The Wa West District in the Upper West Region has been hardest hit by the spillage of the Bagre and Kompiega Dams in Burkina Faso this year.
The district with a population of 99,187 has seen major floods that had cut off most of the communities from the District’s Capital, Wechiau and making it difficult for residents to access major social services like healthcare, trade, among others.
According to the Regional Director of the National Disaster Management Organisation (NADMO), Mr Mustapha Ahmed, many farmlands have been submerged in water and it was difficult to quantify the extent of loss due to the inability of the organization to access the farmlands.
Mr Ahmed made this known to journalists at Wa on Friday during an interaction with the Member of Parliament (MP) for the area, Mr Peter Tuobu Lanchene after touring some of the affected areas that were accessible.
The district has a large stretch of the Black Volta passing through it with a number of low lying areas, making it susceptible to floods, coupled with poor road network in area.
The situation this year, Mr Ahmed maintained had been compounded by the incessant rains which has led to the collapse of the walls of the Balawa dam in the district and caused an unintended spillage that had de-linked several communities such as Balawa and Vieri.
The director mentioned that communities with very high water levels included Dabo, Gongjolo, Jambussie, Nyose, Chietanga, Vieri, Balawa, Talawonaa and Kachuu, among others.
For a people whose mainstay was agriculture, Mr Ahmed expressed concern over the fact that many of them were unable to access their farmlands and said although they had tried to dissuade some of them from moving out of their homes, their plea had fallen on deaf ears.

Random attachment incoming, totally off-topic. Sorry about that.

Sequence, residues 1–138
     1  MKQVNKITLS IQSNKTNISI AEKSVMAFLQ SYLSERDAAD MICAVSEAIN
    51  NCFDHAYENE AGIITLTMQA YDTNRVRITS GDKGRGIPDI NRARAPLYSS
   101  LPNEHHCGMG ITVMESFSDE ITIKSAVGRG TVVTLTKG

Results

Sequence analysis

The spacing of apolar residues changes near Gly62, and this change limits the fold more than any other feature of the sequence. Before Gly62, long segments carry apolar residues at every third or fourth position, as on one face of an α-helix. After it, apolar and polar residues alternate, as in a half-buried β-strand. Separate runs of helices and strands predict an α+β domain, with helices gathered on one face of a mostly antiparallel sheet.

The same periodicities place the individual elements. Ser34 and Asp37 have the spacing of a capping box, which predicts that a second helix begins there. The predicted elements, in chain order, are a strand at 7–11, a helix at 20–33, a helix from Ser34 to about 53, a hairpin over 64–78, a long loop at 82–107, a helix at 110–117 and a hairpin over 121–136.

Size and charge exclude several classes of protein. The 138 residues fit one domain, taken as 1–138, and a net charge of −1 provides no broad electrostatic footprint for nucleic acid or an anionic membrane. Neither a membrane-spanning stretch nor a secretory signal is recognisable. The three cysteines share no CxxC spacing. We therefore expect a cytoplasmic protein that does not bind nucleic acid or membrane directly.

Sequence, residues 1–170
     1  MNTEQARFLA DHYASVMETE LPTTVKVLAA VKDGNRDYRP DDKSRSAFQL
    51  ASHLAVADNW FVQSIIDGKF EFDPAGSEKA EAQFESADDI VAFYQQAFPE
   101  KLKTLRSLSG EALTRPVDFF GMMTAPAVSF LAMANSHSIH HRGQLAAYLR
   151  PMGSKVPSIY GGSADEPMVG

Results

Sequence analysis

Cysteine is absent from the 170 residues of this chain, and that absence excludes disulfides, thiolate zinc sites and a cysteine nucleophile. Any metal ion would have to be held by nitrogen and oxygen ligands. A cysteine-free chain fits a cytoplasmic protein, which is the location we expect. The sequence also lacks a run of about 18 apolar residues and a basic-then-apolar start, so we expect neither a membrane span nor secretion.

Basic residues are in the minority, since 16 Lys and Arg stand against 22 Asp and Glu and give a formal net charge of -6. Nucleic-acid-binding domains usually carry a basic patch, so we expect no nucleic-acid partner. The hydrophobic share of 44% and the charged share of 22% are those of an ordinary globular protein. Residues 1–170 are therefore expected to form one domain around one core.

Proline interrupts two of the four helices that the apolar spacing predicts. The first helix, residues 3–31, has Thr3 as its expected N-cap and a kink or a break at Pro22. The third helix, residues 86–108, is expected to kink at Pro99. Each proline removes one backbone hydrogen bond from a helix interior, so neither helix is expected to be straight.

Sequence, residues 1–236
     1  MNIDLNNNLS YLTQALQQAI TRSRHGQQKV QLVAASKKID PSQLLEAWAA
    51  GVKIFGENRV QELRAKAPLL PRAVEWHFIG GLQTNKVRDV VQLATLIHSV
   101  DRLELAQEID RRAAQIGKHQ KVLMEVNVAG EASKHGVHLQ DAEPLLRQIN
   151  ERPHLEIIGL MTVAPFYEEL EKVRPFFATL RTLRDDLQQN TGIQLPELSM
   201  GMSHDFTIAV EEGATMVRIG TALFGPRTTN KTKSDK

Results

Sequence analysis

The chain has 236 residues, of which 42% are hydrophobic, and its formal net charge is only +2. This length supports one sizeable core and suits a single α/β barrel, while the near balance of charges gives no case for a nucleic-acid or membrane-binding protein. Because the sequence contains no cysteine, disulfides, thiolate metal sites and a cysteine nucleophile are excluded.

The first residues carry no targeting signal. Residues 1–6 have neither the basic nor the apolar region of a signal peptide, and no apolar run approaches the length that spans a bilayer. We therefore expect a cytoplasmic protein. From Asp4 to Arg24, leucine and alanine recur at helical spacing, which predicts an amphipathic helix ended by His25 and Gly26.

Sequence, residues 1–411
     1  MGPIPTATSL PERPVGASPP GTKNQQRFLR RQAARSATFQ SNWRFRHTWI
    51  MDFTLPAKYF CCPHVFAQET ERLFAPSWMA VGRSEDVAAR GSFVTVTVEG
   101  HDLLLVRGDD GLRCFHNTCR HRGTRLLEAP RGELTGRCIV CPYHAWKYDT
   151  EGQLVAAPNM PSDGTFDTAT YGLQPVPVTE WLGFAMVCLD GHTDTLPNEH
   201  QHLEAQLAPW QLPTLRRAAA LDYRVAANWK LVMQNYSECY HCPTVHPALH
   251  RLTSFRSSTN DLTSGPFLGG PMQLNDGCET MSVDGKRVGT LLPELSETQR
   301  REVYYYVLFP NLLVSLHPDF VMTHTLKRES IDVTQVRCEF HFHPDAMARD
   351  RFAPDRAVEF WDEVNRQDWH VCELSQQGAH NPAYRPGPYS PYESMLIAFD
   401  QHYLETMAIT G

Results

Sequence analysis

“Sometimes NADMO officials have to assist school children move from their homes to school but our biggest hurdle still remains getting people to not cross the water, particularly tricycle operators”, he lamented.
He explained that the Kompiega dam ran directly into the Black Volta hence once the spillage was on, the water levels would remain high and asked that residents exercised caution.
He, however, assured that some relief items had been sourced from the head office to be given to persons affected, but said even though they had to assess the situation first to identify the actual victims, they were unable to do so now due to the high levels of the water.
The MP was baffled as to how a permanent solution had not been identified for the annual problem and said “this didn’t happen just this year, we should be thinking of permanent solutions like constructing dams, not dug outs, to harvest the excess water for use in the dry season”.
He lamented that water was a scarce resource in the northern part of the country and would be beneficial for dry season farming if harvested now.
FROM LYDIA DARLINGTON FORDJOUR